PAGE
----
Clearly, workers need to take matters into their own hands, walking out and refusing to put our lives at risk for their profits. We need a workers’ shutdown. Strike action along these lines has taken place in Italy and elsewhere.
Covid-19 proves that workers are the real “wealth creators” in society; look what happens when we stay at home. The capitalist class, on the other hand, has proved fragile. Without massive public intervention and public funds, countless businesses would have gone bust. What happened to the robust and efficient capitalist system? What happened to all the rugged and fearless innovators and entrepreneurs? Two weeks of social distancing, and they are on their knees.
Breaking with capitalism
In contrast to the United States just a few miles away, where the virus is spreading like wildfire, Cuba at the time of writing has 48 confirmed cases and one fatality, who it appears caught the virus in Italy. Doctors from Cuba are being sent around the world to combat the pandemic, while various countries, including Ireland, are looking at Cuban drugs and potential vaccines for Covid-19. All this is doubly impressive because Cuba’s relatively old population and reliance on tourism as a result of a 60 year blockade by US imperialism make it more vulnerable to Covid-19, not less.
Cuba is not a genuine socialist regime, it is politically ruled by a bureaucracy that is privileged, unaccountable and un-elected, which is increasingly looking towards the capitalist market as a way to run society. Notwithstanding the absence of democratic working-class control of the economy and state, whose critical input is crucial to building a socialist society, the economy is still based on state ownership and planning of the key sectors of the economy, as opposed to being run in the short-term interests of private profit. This has enabled it to free up its resources to build one of the best public health services in the world. It is a glimpse of what is possible when the capitalist system is abolished, as happened in the aftermath of the Cuban Revolution in 1959.
Democratic public ownership and planning on an international basis, clearly, would yield even greater benefits to humanity. On this basis, the vast wealth and technology of society that is currently in the hands of the capitalist class – big business, private bankers, the financial markets and the super-rich – would be utilised in a rational and democratic manner. We could invest in top quality public services, such as health care.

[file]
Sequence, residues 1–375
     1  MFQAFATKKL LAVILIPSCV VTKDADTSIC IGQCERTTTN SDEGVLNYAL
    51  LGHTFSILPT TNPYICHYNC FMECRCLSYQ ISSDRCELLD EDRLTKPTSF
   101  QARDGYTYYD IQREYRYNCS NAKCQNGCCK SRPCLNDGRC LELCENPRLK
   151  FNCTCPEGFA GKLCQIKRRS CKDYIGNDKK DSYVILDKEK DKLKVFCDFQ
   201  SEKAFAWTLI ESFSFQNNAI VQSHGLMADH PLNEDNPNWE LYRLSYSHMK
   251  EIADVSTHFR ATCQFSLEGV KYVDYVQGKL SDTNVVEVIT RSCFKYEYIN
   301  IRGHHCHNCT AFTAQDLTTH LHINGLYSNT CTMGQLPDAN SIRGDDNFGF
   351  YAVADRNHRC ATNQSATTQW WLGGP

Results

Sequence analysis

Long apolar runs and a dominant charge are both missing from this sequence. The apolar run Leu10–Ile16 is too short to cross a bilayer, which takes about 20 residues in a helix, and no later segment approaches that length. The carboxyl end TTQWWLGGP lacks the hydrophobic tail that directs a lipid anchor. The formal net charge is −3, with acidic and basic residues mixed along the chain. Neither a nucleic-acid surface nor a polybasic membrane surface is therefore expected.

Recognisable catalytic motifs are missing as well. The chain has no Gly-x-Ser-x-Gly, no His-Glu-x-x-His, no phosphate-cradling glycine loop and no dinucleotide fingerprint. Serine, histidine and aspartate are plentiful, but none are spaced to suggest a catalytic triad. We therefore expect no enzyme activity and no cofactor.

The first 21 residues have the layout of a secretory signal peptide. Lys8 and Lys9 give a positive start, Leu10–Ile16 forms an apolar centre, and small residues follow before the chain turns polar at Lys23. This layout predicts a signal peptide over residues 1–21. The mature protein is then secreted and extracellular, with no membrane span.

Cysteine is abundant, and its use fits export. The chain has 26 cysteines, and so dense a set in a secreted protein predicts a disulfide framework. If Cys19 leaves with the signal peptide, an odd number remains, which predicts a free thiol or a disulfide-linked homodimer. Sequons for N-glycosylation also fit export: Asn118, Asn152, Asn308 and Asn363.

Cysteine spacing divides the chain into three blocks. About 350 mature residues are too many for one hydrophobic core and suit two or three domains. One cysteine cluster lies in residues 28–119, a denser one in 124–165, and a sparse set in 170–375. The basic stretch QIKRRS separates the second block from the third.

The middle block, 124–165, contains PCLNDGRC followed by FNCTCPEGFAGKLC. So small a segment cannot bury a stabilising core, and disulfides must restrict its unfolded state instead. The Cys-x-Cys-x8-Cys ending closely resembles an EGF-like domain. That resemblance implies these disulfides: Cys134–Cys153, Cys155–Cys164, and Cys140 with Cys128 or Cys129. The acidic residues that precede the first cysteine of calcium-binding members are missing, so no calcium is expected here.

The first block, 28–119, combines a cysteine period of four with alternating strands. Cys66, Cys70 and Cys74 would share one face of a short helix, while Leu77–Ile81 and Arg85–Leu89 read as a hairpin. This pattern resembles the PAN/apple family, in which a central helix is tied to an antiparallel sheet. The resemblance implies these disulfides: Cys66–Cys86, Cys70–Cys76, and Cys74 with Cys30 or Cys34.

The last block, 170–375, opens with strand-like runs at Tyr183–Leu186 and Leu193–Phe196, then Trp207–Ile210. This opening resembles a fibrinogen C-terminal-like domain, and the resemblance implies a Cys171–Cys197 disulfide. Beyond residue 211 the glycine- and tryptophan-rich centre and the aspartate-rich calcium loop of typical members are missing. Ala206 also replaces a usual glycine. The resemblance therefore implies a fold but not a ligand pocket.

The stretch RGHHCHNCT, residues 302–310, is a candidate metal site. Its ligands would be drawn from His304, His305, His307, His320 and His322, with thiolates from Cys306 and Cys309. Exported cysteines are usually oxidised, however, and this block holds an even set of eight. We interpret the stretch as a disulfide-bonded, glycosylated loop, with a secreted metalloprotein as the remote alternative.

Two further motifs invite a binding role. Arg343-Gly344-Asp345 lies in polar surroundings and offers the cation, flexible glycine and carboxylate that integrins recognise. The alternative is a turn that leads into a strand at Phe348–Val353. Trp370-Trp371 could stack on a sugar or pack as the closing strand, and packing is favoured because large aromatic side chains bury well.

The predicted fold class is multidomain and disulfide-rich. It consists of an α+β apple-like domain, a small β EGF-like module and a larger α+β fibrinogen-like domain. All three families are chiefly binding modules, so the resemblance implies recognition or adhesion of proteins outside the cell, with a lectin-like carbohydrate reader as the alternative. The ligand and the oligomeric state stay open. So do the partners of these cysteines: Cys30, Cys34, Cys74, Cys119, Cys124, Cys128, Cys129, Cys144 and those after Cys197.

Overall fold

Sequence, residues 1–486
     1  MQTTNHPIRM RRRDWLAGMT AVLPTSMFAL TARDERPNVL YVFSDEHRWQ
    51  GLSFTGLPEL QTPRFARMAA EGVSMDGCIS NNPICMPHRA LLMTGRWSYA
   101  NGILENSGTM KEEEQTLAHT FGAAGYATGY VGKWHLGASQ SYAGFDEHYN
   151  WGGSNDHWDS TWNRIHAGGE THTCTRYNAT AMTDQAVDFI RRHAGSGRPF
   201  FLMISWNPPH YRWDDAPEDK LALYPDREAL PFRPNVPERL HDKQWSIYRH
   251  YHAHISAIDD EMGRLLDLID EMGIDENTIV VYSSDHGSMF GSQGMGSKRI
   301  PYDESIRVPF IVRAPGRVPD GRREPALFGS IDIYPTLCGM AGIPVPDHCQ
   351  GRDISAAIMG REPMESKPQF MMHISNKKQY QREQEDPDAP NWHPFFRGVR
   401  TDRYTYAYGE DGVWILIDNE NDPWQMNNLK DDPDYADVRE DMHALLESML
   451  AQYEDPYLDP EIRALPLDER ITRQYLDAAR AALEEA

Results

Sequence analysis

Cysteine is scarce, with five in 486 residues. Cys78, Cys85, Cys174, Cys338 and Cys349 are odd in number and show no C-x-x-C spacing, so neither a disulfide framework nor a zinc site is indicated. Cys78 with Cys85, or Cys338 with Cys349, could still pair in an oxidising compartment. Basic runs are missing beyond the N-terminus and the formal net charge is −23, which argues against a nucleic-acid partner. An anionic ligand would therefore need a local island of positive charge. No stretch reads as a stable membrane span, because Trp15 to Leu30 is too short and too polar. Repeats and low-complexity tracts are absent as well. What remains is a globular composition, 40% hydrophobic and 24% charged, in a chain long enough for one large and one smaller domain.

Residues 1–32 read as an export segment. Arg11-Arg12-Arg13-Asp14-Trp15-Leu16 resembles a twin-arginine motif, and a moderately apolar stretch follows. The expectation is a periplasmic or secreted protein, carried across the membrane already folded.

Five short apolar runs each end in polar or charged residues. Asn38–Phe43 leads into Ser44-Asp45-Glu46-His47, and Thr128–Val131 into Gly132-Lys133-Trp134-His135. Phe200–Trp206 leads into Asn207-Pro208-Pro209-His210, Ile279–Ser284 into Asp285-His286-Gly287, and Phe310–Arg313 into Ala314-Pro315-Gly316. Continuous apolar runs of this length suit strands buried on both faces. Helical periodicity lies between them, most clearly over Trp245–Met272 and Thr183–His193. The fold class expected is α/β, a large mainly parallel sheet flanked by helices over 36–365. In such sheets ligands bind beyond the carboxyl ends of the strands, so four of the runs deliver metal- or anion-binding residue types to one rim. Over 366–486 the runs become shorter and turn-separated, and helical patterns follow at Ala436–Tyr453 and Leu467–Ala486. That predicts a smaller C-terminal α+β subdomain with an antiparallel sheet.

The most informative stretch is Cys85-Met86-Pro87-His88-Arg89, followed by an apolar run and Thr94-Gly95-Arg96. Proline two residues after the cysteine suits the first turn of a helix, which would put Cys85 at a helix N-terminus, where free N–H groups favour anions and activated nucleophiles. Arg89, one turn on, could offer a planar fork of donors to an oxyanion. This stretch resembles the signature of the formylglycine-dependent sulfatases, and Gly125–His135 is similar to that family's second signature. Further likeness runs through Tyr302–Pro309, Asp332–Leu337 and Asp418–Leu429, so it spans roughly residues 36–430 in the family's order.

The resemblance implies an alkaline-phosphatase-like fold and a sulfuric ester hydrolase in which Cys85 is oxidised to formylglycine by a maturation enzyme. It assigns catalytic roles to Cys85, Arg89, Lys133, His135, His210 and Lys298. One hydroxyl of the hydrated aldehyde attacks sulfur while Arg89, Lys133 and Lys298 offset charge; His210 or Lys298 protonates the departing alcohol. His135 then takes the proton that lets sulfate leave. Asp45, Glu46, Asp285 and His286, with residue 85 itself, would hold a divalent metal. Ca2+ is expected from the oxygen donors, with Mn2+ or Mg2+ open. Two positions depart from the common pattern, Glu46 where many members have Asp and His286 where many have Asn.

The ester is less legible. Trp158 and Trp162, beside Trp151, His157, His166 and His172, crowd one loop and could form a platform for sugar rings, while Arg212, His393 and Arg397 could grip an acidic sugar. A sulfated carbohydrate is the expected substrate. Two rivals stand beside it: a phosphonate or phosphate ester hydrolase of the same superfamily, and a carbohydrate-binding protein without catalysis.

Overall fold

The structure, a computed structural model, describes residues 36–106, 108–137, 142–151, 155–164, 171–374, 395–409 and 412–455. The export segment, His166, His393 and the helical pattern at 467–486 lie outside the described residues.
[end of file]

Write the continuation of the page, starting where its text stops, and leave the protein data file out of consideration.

We could abolish the waste of the competition between capitalist companies and states, in the form of the duplication of goods and research and development (as exists in big pharma), advertising and the arms industry. We could safeguard our environment and justly transition to a zero-carbon economy by investing in green jobs, renewable energy and free public transport. We could release the talents and capabilities of working class people and allow them to run society, as opposed to representatives of capitalism, whose criminal misrule has wreaked havoc on society.
We shouldn’t go back
Varadkar and Co are already warning us that there will be a huge bill to pay as a result of this crisis. They have made big concessions, vindicating the failure of their system, but as soon as they deem this crisis to be over, they intend to claw back those concessions with interest. People should refuse to accept a return to the neoliberal status quo, which would place us abjectly at the mercy of climate disasters or the next pandemic.
Instead, we should fight to build a socialist alternative and a movement of all working-class people that ends the rule of the so-called “masters of the universe”, a capitalist class whose rule has long outlived its usefulness to humanity.